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Old 11-06-13, 10:22 AM   #1
3alarmer
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Bruce Pandolfini: "Clearly the Most Excitiing chess Event since Fischer-Spasskey !

.
.........that's right folks, this is the chess equivalent of the Thrilla in Manilla, and the Rumble in the Jungle.

It starts November 9th, at the Chennai Hyatt. Be there or be square....


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Clearly, this is the most exciting chess event since the Fischer-Spassky match of 1972. Commentators around the world are betting heavily on the young lion, Carlsen, the highest rated player in history. But Anand is an incredible champion, who has been through the wars, and always seems to rise to the occasion. He is extremely resourceful and a great fighter. Still, Anand will have to be in his best form and continue to evince that resourceful sangfroid he is so admired for in order to stop what seems to be an irresistible juggernaut.

Whatever happens, it will surely be great for chess, the game we all love.

http://www.worldchesschampionship201...her-bruce.html
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Every once in a while, in the history of the World Chess Championship, comes a moment — such as Steinitz-Lasker 1894, Lasker-Capablanca 1921 and Kasparov-Kramnik 2000 — when the power passes palpably from one generation to the next. Without wishing to cause distress to the readers of The Indian Express, I venture to suggest that we are at another turning point now This is by no means to imply that Viswanathan Anand will not fight like a tiger against the brilliant, young Nonvegian Magnus Carlsen, or that the defeat of the older man is a foregone conclusion. Nevertheless, it is hard to recall any other match in recent decades where the defending champion has begun with his back so firmly pressed to the wall.

Firstly, the most obvious point is that, at nearly 44, Anand is no longer a spring chicken. In chess terms, he could be considered a veritable dinosaur (incidentally, your 48 year-old writer is the oldest player in the top 100). Concentration wavers in middle-age in a manner if does not when you are in your physical prime. One lapse and you are on your way back to the pavilion. Secondly, motivation sags over time. When you have already achieved everything you could wish for professionally and you have as much money as you need for a good life, other things beome more important — particularly when you have a young child. Success in all sport requires sacrifice and pain: most people tire of it eventually


http://www.chessbase.com/Home/TabId/...ng-041113.aspx
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Old 11-06-13, 10:25 AM   #2
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Will you be watching it on Pay Per View?
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Old 11-06-13, 10:32 AM   #3
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...watching chess on TV is clearly akin to watching bicycle racing on TV,
or golf on TV, or maybe watching paint dry on TV.

I will be following the games as god intended, in print and commentary so
that the smart guys can explain to me what the hell is going on and I can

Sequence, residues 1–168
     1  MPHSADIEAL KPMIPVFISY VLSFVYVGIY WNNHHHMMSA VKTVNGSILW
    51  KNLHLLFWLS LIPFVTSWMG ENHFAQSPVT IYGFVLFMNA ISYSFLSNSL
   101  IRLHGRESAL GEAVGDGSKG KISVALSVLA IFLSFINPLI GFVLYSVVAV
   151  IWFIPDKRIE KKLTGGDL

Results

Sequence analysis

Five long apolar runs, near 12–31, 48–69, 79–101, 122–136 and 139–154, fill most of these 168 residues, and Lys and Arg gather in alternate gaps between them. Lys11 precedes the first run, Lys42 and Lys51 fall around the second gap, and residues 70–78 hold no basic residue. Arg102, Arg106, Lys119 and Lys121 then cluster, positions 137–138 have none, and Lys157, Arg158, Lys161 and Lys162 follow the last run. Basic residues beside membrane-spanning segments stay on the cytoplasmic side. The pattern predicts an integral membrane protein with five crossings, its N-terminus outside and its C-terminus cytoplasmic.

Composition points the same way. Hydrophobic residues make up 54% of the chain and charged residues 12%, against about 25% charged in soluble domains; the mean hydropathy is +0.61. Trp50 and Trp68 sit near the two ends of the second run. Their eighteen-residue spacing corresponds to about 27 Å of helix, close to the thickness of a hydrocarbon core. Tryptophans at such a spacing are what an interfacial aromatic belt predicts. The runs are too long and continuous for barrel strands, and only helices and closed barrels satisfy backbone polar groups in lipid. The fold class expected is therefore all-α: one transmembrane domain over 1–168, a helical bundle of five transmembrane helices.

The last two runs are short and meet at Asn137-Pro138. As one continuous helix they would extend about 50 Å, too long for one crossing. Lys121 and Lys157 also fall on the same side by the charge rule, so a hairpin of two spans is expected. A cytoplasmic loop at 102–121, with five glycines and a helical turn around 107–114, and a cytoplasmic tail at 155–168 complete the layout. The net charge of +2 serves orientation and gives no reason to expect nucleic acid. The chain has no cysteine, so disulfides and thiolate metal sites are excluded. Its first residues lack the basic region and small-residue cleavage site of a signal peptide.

mull it over in my old and confused brain.
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Old 11-06-13, 01:20 PM   #4
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Originally Posted by 3alarmer View Post
...watching chess on TV is clearly akin to watching bicycle racing on TV,
or golf on TV, or maybe watching paint dry on TV.

I will be following the games as god intended, in print and commentary so
that the smart guys can explain to me what the hell is going on and I can
mull it over in my old and confused brain.
Heh, no doubt.
I've got a book of championship games (no commentary, just the moves) and in fully 3/4s of them I cannot figure out why one side retired.
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Old 11-08-13, 07:17 PM   #5
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Getting excited....rooting for Anand

This fellow does a nice job of explaining why critical moves were made and going thru the "what if's
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Old 11-10-13, 02:07 AM   #6
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Anand vs Carlsen: Game 1 of world chess championship ends in a draw

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CHENNAI: World champion Viswanathan Anand started his title defense in style, holding off world number one Magnus Carlsen
of Norway to a draw in quick time in the first game of the World chess championship on Saturday.

Anand, with black pieces, showed the world that he has come well prepared for the most challenging match yet.

The Indian gave no chance to Carlsen who started with the Reti opening and got nothing with his first white game.

The quick draw, lasting a mere 16 moves, proved Anand's preparation right as Magnus spent more time on the clock in the opening
and still could not get the complicated and sometimes lifeless positions wherein he famously outplays opposition.
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Old 11-10-13, 02:11 AM   #7
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Old 11-10-13, 02:32 AM   #8
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Old 11-10-13, 08:51 PM   #9
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Quote:
Originally Posted by Times of India
Norwegian Magnus Carlsen holds World Chess Champion Vishwanathan Anand to a draw
in the second round of the World Chess Championship. Anand played white. The 12-match series is tied 1-1.
..

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Old 11-10-13, 09:35 PM   #10
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[QUOTE=3alarmer;16236070]..

Quote:
Originally Posted by Times of India
Norwegian Magnus Carlsen holds World Chess Champion Vishwanathan Anand to a draw
in the second round of the World Chess Championship. Anand played white. The 12-match series is tied 1-1.
..


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Old 11-10-13, 11:35 PM   #11
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Thus far it's a yawner, with both players just playing solid moves and waiting for an opening.

I think Anand figures he needs to win in the classical rounds, because Carlsen is so much younger